McKeag and Pasquinel were best friends, whose loyalty to each other inspired a nation, and evolved into one of the most exciting and truly unforgettable 29 hour epic adventures of all time. Richard Chamberlain, as Alexander McKeag, gave one of the most amazing, and inspiring performances of his career. The tough, yet gentle Scotsman, found himself a whole new world, and left that world an invaluable legacy, when his life was saved by the fearless Pasquinel, played by the wonderful Robert Conrad. These courageous and daring trappers, befriended Indians, gained the respect of the white man and with insight and determination, eventually formed the fictional town of CENTENNIAL.
The handsome and classy Richard Chamberlain, played against type, transforming himself into the rugged, crusty, frontiersman. What a sensational frontiersman he was! When the gorgeous Alexander McKeag, with glorious golden red/blonde hair, and matching beard, emerges on the screen, he literally takes your breath away. The handsome actor is beyond spectacular, when he slips effortlessly into the character of Alexander McKeag. Richard often speaks warmly of this best-loved role. He loved playing the gentle, but tough Scotsman, who trusted himself and caused the beloved actor, to feel especially whole. As always with Richard Chamberlain, you get a top-notch performance, and an actor who is just fabulous to look at, as an added bonus. He looked and sounded so Scottish (perfecting a flawless Scotch brogue), that this character may well have been his career Magnum Opus! He was absolutely marvelous. One is amazed, the Indians let him get away, without confiscating that glorious head of hair for their trophy poles.
In his memoirs, Richard Chamberlain shared, that just prior to making this movie, he had met and begun a relationship, with his life-long partner of 28 years, Martin Rabbett. The actors had barely established a home in New York, when Richard got the call to come to Colorado for a six month shoot. Richard was in turmoil, as he guessed his young love would probably balk at his leaving, and he was right. After seeing him in this film, if I were Martin, I would have pitched a fit also. With that golden red/blonde hair and beard, looking like an Adonis in leather and suede, I wouldn't have let him out of my sight without a fuss either.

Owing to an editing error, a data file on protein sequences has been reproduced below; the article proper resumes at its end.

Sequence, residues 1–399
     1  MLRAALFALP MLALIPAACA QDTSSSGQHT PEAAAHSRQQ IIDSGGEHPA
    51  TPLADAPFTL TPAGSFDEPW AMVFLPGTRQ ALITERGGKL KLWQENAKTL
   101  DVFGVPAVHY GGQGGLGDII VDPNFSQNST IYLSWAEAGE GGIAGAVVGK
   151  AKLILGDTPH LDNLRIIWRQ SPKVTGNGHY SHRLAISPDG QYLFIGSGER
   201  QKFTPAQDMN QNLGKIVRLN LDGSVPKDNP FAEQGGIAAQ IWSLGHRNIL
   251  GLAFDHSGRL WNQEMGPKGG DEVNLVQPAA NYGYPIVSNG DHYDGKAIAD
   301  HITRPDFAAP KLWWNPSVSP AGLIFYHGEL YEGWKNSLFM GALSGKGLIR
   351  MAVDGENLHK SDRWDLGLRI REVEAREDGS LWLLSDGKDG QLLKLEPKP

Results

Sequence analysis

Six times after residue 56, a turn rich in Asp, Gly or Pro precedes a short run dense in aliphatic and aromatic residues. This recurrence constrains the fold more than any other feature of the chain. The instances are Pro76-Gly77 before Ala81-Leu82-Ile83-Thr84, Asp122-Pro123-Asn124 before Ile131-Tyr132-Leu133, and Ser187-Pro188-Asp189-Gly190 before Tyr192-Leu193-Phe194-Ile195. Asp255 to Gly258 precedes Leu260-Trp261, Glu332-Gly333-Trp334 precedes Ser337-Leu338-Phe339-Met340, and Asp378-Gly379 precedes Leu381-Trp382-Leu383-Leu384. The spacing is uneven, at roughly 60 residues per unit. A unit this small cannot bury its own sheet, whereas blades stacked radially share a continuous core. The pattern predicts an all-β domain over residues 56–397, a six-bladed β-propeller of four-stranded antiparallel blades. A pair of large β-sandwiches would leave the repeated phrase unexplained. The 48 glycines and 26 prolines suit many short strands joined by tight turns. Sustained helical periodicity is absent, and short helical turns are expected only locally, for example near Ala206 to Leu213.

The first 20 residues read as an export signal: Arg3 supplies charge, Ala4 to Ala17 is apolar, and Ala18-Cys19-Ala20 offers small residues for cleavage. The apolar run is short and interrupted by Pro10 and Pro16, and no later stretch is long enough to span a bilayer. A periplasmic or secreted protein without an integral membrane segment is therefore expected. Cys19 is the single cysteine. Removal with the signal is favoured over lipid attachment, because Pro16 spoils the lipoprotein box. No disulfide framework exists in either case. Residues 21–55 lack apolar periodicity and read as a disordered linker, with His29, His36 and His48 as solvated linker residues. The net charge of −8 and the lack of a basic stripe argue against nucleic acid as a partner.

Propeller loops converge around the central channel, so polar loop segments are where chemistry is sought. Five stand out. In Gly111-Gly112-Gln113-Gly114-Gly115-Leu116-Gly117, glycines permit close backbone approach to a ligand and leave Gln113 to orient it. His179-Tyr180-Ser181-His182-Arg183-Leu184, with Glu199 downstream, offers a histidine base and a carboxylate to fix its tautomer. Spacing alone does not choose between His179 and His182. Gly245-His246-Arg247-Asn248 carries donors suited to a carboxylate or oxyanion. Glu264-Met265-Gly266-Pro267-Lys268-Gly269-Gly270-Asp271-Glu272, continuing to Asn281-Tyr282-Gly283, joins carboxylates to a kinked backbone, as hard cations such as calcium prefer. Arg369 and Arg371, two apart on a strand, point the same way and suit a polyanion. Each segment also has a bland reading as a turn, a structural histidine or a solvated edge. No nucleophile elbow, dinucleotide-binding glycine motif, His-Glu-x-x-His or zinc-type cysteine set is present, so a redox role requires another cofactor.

Both Chamberlain and Conrad were absolutely fabulous as the best friends, McKeag and Pasquinel. They were the heart and soul of this entire epic. Both men loved the same woman, Clay Basket; but McKeag contented himself by delivering her children and helping her raise them, during the long absences of Pasquinel. McKeag knew Pasquinel secretly kept another family, and his lengthy absences provided many opportunities to seduce the beautiful "love of his life." But McKeag's integrity ensured that he would never compromise his loyalty and deep friendship with the "free spirited" Pasquinel. Doesn't every man aspire to have a friend like that?
One of my favorite scenes is McKeag and Pasquinel dancing the Highland Fling together. In the film, the friends had a passionate disagreement, and McKeag invites Pasquinel to dance out their bad feelings, which led to a wonderful reconciliation. Dying to bury the hostilities between himself and his half-breed stepson Jacques; McKeag repeated the dance again. He delights his friends, as he kicks up his heels and shows his exceptional dancing ability. Richard Chamberlain fans will agree that this was the charming actor's most loveable role. You will never forget his inspiring Alexander McKeag!
Each night, a new cast of wonderful stars, continued the story, taking the viewer through new generations of progeny, responsible for settling the west. Each of the twelve videos, gives it own account, weaving a tapestry of exalted emotion, based on great drama, history, heartbreak, hope, disappointment, renewal, discouragement, love, hate, life, death, despair, and triumph, in the lives of loveable/fictional characters across a span of 200 years.
No one can teach history like the masterful James Michener. This film has breathtaking scenery of The Rockies, a moving depiction of the decline, and annihilation of our native American Indians, and an emphasis on the Land...the best part of America! He examines a war between CARETAKERS, who respected the land, its power, its majesty, and understood that if the land is to take care of us, we must first learn how to care for it...and TAKERS, who raped and ravaged the land, taking what they wanted, and leaving nothing in return. Michener poignantly points to the LAND...a life force of its own...emphasizing..."ONLY THE ROCKS LIVE FOREVER."
By Judith Crocker